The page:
The price of being a compassionate doctor is often worth it


Watching patients suffer and die is not an easy thing to do. Left unchecked, I don’t think most front-line doctors would last too long immersed in that kind of setting.  First, the emotional toll would be too high to maintain over a long period of time. Second, working at the extremes of emotion doesn’t allow a physician to competently and objectively apply medical knowledge to heal disease and alleviate suffering. Not convinced? Imagine you get terrible news about something or someone, or are as angry as you could possibly be. Now, while still feeling that way, go take a high-stakes exam or give a presentation to a large audience. It would be tough, if not impossible, to do, right? If you could get through it, I’m certain it wouldn’t be your best work. Well, this emotional effect can hinder doctors too if we’re not careful.

In late medical school and residency training, for the sake of emotional self-preservation, doctors are forced to learn through firsthand experience, and by watching their mentors, how to emotionally detach just enough to remain effective. In fact, this lesson in medicine is so important that it has been written about. In an incredibly popular book called House of God, the author takes a satirical and comedic look at intern year of medical training and outlines hospital rule #4: “The patient is the one with the disease.”  Now, the author’s intent wasn’t to be insensitive toward patients at all, but instead to convey a serious message to aspiring doctors. To survive working amid suffering and dying, the doctor must make a conscious effort not to fully enter the suffering of every patient. Please understand, however, there is certainly a balance to this approach. The goal is for the physician to remain compassionate and caring, not a cold, robotic healer in a white coat.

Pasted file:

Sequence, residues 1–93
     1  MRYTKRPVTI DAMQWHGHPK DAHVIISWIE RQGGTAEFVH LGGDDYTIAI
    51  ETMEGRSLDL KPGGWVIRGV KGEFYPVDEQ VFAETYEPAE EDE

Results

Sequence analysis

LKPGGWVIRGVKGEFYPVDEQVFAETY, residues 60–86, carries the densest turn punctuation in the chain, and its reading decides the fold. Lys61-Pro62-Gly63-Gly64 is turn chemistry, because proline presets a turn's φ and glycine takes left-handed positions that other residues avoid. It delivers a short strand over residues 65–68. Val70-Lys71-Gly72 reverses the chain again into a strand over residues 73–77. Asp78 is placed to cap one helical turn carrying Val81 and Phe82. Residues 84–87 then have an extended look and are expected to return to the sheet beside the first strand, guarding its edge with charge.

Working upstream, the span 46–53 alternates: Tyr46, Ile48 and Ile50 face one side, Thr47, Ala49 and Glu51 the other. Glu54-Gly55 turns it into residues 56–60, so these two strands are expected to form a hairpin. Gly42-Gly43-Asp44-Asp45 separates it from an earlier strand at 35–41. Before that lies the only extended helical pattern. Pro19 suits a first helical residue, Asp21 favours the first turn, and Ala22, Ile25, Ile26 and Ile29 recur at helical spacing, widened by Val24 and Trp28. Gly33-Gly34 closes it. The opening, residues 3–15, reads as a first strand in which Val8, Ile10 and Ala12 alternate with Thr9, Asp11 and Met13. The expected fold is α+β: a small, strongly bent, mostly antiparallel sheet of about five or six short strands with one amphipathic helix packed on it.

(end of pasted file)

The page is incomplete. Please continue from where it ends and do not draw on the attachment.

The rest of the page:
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Tags: Health, Physician, Oncology/Hematology

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